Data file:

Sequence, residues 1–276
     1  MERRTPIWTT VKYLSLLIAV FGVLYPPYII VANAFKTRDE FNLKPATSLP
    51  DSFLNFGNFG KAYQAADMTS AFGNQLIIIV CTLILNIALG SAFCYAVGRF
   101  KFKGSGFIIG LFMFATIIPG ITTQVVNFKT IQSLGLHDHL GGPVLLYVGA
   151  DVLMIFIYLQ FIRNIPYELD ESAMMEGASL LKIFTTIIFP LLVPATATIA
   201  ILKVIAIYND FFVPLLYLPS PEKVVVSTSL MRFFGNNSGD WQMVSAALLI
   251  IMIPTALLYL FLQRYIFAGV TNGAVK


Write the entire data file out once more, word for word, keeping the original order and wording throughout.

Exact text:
Sequence, residues 1–276
     1  MERRTPIWTT VKYLSLLIAV FGVLYPPYII VANAFKTRDE FNLKPATSLP
    51  DSFLNFGNFG KAYQAADMTS AFGNQLIIIV CTLILNIALG SAFCYAVGRF
   101  KFKGSGFIIG LFMFATIIPG ITTQVVNFKT IQSLGLHDHL GGPVLLYVGA
   151  DVLMIFIYLQ FIRNIPYELD ESAMMEGASL LKIFTTIIFP LLVPATATIA
   201  ILKVIAIYND FFVPLLYLPS PEKVVVSTSL MRFFGNNSGD WQMVSAALLI
   251  IMIPTALLYL FLQRYIFAGV TNGAVK